When I first read about what Mark Lang was doing to inspire innovation in students, I emailed him immediately to talk about key lessons that he has learned from his work with educators and students. (Full interview is posted in Featured Innovator) The heart of his message?
- Help students identify problems from their own experience that are meaningful to them. This often takes much time and effort because so many students don’t understand their likes, abilities, and interests.
- Create a safe environment to try and fail. Give students enough time and chances to pursue a given idea and team, then shift or abandon those choices—sometimes several times—for another. A few students will latch onto something quickly and jump in, but most need several chances because the experience is so new.
- Provide regular reinforcement. Teachers encourage students and provide feedback. We also invite a variety of successful business and community leaders to sit with individual student teams during class or sometimes at the business location. The business leaders ask students good questions and help the teams identify useful resources. This kind of interaction proves to be a tremendous confidence-building and learning experience for students.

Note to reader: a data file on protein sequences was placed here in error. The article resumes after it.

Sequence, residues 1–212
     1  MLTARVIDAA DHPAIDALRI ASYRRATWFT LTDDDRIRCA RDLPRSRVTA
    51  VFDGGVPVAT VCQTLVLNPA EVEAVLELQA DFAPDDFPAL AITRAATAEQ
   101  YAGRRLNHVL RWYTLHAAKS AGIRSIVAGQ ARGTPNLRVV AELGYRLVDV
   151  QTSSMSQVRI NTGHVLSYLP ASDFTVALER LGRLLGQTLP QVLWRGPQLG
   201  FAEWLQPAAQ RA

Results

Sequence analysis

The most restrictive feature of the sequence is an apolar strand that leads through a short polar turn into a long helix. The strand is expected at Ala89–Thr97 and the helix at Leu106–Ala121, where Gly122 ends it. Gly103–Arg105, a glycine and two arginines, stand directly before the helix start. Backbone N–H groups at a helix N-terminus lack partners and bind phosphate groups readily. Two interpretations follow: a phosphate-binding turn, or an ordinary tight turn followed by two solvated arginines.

- Provide tools to frame, without specifying direction, the work that is needed. Most students have never tackled a complex problem that will take months of planning and effort to solve. We provide guidelines and rubrics related to the project and skills, and we are creating tools as we go. We have recently incorporated a tool called the Business Model Canvas (actually used in graduate entrepreneurship classes at Stanford University) that calls attention to all aspects of the project and helps track progress.
- Constantly nudge students to be innovative, because the challenges and ambiguity will keep driving them to accept a proven answer.
- Make sure you have a supportive team of instructors who meet periodically to evaluate how best to maintain progress, particularly when students face challenges or setbacks.
The wisdom is powerful for every educator and once again honors the three principles this website. But this also speaks about the school and classroom climate that is necessary in order for students to do this work.
- Educators collaborate regularly in service to what learners need and how they are making sense of the material.
- Educators provide general parameters for a task, but do not provide direction. It reminds me of Dan Meyer’s TED talk on making a problem as simple as possible and letting students have at it.
- Educators encourage students to take risks through creating room for them to play, to problem solve, to fail which requires time.
The setting for the learning is as important as the task itself.